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Voices Against Corruption

Boris Weber's picture

Their voice comes in minor or major key – as rap, folk or pop. Boy, they do have a voice, and they are raising it, as a citizen voice and as a singing voice. On music bands from around the world are making the pitch, in different languages and different sounds: Congolese and Philippine pop singers, Macedonian and Senegalese rappers, and beautiful Zimbabwean choruses are amongst the many bands that come together to support a global youth anti-corruption network and to help break the silence that still surrounds this pressing challenge in many of their home countries.

In the lyrics of Zimbabwean chorus “African destiny” the musicians say: “Roads are congested with dealers. They say money is not for banking, cash upfront for all services. Oh dear father, as we accept cuts and bribery, the poor get poorer and the rich get richer.”

“Invincible Voice” from Palestine and Lebanon is singing “Leadership’s malfunctions, drinking from stubbornness, increasing corruption…” And “Profetas” from Columbia adds: “Yet, in the rain a truth emerges from the mud, not everything is for every-one. Here the law says smart Alecs live at the expense of fools. Get Up For The Future! Stand Up Against Corruption!”

From May 26-28, 2010, in Brussels, musicians under the age of 35 will join young civil society leaders and journalists at the 2010 Global Youth Anti-Corruption Forum to exchange their experiences with fighting corruption.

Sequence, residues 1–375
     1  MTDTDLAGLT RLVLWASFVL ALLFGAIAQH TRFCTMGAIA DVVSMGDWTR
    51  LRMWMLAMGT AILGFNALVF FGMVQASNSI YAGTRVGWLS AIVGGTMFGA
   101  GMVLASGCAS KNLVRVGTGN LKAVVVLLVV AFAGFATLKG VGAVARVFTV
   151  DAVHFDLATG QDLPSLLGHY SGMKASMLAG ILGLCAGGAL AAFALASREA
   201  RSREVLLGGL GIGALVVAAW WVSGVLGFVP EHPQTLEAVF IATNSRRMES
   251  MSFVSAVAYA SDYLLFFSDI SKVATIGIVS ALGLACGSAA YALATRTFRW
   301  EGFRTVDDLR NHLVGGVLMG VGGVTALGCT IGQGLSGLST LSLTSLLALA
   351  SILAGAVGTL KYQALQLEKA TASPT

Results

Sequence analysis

“Young citizens are influential agents of change and innovation when they find a space where they can voice their views, develop leadership capacity and interact creatively,” said Sanjay Pradhan, Vice President, World Bank Institute (WBI). “Through this Forum, we want to inspire and engage them for the long term in tackling corruption.”

Talented young people from all over the world competed for a place at the Forum. Their credentials include lobbying access to information legislation, launching awareness raising campaigns, and conducting diagnostic governance assessments. At the Forum, they will launch a global youth anti-corruption network to continue collaboration after the event.

Organized by the World Bank Institute, the Forum uses music and Information & Communication Technologies (ICT) as two innovative approaches that appeal to young people. Music helps these young leaders, many of whom come from fragile states, to address this challenge in a positive and non-threatening manner. And it allows them to open the door for a broader conversation on how young people can support better governance.

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